Agency: NSF | Branch: Standard Grant | Program: | Phase: | Award Amount: 399.99K | Year: 2014
The Historically Black Colleges and Universities Undergraduate Program (HBCU-UP) through Targeted Infusion Projects supports the development, implementation, and study of evidence-based innovative models and approaches for improving the preparation and success of HBCU undergraduate students so that they may pursue STEM graduate programs and/or careers. The project at Fayetteville State University (FSU) seeks to adapt a Student-Centered Active Learning Environment with Upside-down Pedagogies (SCALE-UP) and establish a Hi-Tech Studio classroom as an active and collaborative learning environment to enhance the quality of undergraduate STEM education and to stimulate students learning in STEM fields. The goals of the project are to: (1) implement SCALE-UP and Flipped Education in a technology-rich, highly collaborative, hands-on, interactive learning environment; (2) reduce students failure rate and increase student interest in STEM courses; and(3) build a community of STEM educators at FSU to replicate Hi-Tech Studio Classrooms in other STEM disciplines.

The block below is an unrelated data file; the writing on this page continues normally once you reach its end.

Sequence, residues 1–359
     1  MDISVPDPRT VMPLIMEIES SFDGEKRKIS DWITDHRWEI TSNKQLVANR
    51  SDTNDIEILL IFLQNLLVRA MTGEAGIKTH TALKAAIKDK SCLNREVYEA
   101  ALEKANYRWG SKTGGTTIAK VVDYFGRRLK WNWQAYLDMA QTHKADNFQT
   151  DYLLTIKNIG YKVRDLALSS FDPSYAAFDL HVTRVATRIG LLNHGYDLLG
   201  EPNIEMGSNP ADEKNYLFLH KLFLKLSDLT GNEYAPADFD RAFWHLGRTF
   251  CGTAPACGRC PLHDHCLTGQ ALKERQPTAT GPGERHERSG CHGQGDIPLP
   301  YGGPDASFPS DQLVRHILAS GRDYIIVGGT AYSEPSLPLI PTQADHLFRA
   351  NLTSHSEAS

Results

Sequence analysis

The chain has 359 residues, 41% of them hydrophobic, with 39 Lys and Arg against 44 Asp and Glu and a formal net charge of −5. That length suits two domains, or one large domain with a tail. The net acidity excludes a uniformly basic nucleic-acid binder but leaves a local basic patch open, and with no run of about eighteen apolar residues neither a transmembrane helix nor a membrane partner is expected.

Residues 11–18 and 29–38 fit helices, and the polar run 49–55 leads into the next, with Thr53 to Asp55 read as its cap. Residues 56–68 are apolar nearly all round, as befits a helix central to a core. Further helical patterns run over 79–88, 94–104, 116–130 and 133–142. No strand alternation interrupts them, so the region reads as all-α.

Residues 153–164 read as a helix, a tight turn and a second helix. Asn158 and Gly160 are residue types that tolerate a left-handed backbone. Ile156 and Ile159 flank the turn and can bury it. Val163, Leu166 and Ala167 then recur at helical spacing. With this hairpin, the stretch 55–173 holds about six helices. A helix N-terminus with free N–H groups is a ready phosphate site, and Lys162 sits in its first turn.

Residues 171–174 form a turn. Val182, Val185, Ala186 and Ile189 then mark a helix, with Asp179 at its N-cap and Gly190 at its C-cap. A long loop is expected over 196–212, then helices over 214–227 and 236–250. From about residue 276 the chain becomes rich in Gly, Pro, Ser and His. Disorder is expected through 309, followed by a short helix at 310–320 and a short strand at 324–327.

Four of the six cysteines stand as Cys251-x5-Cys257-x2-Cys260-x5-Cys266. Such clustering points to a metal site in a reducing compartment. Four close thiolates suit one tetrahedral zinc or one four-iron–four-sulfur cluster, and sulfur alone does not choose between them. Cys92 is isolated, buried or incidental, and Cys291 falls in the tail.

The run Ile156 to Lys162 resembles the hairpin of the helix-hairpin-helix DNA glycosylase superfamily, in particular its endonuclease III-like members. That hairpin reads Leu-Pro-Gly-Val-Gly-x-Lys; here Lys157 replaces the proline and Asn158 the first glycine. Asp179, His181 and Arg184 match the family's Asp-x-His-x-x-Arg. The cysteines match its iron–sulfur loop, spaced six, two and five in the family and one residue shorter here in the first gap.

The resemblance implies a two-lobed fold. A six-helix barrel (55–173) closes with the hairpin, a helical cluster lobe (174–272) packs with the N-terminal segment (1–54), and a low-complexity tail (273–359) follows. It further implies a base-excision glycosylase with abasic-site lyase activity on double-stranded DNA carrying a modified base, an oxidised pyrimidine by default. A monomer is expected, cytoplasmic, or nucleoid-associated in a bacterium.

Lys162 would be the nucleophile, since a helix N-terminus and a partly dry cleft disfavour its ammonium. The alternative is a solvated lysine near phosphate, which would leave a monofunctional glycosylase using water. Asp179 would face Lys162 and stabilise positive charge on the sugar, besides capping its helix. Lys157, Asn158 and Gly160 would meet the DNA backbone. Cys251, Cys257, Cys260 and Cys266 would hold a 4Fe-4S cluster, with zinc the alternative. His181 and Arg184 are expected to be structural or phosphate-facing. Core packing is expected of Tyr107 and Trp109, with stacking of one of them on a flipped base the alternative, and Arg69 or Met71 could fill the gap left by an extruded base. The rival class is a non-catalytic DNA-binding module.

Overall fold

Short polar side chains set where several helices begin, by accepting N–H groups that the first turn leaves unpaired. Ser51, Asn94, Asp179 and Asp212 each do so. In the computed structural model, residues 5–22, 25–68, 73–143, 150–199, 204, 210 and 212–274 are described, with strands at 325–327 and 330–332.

SCALE-UP will be implemented in the Hi-Tech Studio Classroom at FSU where about 90% of class time is spent in student-led and hands-on activities. Through a partnership with Norh Carolina State University and the Vernier Company, faculty will be trained in implementing this learning approach during the three-year project. Numerous research studies have shown that if students are more engaged in the learning process, their problem-solving ability and understanding of material are improved. Through this project, technology and hands-on activities in the classroom will engage students and enhance their learning in STEM fields. Additionally, the inquiry-led approach will increase their problem-solving and critical thinking skills. One of the project outcomes is that students will obtain a sense of discovery that motivates them to remain in STEM disciplines.